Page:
When you shop for car insurance, ask for quotes with several different deductible levels and everything else equal. This will allow you to see what the real rate difference is for various deductible amounts. In some cases the difference may not be enough to make it worth the risk of having to pay more out of pocket in the event of a claim. Select a deductible that you can live with in the event of an accident at a rate you can live with on a regular basis – this balance is the key to choosing deductibles.

  • Vernick

    I was driving a commuter van and hit another vehicle from behind and not the owner of the commuter van says I am responsible for the $1,000.00 deductible. Would this not be covered under property damage or am I responsible>

  • InsuranceHotline

    the owner of the van will have to pay the deductible to the insurance company. The owner of the van can then ask you to reimburse them.

  • IS

    hi. had a fender bender. Result is a $1,000.00 damage to other car (can you imagine, it`s just a scratch on the bumper). How much is my basic insurance going to increase and for how long

  • InsuranceHotline

    Which province are you insured in?

  • InsuranceHotline

    usually when both vehicles are reversing the incident is considered to be 50/50 at fault.

  • Barry Lickin

    I was reversing into my garage and they were reversing out of their driveway so I was essentially rear ended it just so happened to be in the front of my vehicle. You’re saying 50/50 would apply in this case?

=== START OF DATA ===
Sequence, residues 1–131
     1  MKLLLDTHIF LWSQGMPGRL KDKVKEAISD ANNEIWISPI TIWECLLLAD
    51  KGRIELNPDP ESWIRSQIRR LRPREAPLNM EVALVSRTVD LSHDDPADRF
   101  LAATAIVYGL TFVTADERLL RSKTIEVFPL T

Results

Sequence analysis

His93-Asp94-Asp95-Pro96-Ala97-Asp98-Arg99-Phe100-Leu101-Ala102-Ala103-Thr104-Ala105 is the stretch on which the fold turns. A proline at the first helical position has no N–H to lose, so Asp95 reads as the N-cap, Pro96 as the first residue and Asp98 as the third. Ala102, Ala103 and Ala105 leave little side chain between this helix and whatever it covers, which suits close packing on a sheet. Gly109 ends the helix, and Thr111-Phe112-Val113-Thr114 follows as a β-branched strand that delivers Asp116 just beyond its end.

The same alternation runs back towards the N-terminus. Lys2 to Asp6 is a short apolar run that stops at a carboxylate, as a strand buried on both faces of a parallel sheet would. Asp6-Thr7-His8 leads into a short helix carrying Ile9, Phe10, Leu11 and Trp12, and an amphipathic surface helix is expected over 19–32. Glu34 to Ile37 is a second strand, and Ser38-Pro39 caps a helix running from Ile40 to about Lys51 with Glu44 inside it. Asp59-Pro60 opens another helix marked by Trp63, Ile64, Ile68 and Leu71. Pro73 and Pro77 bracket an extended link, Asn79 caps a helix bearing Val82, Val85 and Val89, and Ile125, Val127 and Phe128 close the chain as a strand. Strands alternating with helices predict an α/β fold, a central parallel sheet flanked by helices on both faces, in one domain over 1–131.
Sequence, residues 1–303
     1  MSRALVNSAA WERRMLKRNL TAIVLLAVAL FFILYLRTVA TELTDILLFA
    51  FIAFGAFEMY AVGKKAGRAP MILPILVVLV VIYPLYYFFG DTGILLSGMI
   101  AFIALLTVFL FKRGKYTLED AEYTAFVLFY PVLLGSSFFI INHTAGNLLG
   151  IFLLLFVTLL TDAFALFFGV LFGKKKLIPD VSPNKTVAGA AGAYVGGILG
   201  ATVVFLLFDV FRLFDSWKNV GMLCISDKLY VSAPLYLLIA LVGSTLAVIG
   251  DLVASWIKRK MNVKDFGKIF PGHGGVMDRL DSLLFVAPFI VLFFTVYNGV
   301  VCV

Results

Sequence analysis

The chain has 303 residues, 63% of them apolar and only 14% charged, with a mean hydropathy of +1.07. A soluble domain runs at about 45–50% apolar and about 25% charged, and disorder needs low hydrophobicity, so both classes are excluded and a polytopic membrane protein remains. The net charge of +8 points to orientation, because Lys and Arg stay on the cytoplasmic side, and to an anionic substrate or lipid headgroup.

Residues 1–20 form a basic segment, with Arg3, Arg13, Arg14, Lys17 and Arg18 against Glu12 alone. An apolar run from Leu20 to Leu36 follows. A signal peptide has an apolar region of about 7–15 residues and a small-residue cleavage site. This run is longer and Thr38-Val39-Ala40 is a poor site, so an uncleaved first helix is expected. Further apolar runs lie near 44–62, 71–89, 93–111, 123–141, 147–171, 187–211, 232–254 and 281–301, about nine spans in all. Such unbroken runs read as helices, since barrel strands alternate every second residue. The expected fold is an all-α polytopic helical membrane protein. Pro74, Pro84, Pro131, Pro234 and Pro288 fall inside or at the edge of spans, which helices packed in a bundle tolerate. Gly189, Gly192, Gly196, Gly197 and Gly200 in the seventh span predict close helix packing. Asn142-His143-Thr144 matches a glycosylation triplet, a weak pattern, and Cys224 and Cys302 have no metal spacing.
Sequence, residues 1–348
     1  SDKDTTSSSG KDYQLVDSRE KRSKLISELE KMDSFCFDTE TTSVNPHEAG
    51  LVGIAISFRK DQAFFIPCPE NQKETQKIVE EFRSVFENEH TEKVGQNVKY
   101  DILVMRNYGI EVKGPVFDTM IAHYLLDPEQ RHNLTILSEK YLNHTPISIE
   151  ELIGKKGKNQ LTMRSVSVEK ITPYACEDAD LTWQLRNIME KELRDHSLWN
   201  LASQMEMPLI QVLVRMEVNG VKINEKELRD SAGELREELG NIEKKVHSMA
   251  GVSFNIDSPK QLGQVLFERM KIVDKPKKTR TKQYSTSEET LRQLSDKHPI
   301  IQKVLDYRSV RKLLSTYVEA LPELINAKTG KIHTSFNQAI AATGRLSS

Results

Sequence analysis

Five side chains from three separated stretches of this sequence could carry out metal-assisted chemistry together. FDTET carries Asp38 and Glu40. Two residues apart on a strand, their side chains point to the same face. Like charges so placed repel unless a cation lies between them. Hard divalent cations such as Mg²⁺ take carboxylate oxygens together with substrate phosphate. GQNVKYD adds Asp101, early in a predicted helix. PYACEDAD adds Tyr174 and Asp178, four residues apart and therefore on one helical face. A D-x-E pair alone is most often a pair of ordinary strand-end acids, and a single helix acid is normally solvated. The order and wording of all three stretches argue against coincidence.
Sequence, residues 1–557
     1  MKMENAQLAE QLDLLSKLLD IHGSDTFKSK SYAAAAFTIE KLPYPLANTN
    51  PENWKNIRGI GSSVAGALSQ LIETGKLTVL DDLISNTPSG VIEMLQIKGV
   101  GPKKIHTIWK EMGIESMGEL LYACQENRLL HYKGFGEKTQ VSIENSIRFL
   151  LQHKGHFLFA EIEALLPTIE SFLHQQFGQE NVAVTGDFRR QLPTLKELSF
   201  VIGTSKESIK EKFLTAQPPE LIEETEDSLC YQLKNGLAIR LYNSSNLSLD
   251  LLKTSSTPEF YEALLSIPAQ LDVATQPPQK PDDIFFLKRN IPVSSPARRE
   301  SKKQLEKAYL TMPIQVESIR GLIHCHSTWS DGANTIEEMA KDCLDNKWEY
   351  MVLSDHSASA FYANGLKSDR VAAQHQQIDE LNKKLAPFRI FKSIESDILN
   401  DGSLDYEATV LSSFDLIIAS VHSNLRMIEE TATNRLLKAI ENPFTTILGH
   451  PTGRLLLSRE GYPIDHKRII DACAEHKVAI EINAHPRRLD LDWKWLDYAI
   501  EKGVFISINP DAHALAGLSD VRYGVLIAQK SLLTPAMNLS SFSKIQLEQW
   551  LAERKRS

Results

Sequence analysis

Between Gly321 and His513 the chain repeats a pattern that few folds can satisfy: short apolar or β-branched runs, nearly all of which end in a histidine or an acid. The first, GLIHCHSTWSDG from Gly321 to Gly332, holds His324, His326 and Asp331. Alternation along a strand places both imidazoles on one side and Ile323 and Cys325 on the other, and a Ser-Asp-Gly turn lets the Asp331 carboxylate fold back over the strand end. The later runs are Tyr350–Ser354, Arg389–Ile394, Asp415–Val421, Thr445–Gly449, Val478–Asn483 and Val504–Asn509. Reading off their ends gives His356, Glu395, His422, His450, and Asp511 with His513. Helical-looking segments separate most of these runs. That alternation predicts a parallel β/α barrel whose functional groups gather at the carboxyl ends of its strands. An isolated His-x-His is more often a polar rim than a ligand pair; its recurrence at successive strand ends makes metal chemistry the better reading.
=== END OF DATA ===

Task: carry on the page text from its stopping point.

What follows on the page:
• Hanna

    If you get hit by a deer(ya it happened) does it go to the deductible and do rates go up because of that since it wasn’t my fault… it literally hit me, not the other way around.

  • InsuranceHotline

    most of the time, an accident with an animal (a deer in your case) is covered under the comprehensive section of your policy. you would have to have purchased that coverage as it’s not a mandatory coverage.

  • Jonas

    I just filed a claim recently but i don’t have money for the deductible until next week. Will my car get repaired before that? How much time do insurance companies give you to pay the deductible?

  • InsuranceHotline

    You should discuss that with your insurance adjuster.

  • Jose Portillo

    No, that other party will not pay your insurance company a deductible. Most likely will have to if they handle repairs through their own policy.

  • Jose Portillo

    Usually you will authorize the repairs with the bodyshop, you can get the estimate done then wait to repair once you are ready

  • Jose Portillo

    “Rates” (premium) will not go up, you did nothing wrong, this is a comprehensive loss, but the deductible will apply. (You will pay deductible)

  • Jose Portillo

    Your claims adjuster decided you were 50 percent responsible for your loss. Idk why, Im assuming your neighbor gave a different story of the incident and both companies involved came to an agreement to resolve the claim. I would call back and ask questions, if you dont agree with their decision draft a letter of appeal and send it to your adjuster for a manager to review.

  • Jose Portillo

    You will have to sit down with an agent to discuss as there are many factors which determine the premium

  • Jose Portillo

    You have no obligation to pay the owner, they are reaponsible for the vehicle and gave you permission to drive, by giving you permission they are accepting all responsibility

  • InsuranceHotline

    If you are 50% at fault then your deductible you pay should be 50% of deductible on your policy. You should follow up with your broker to see if they can help.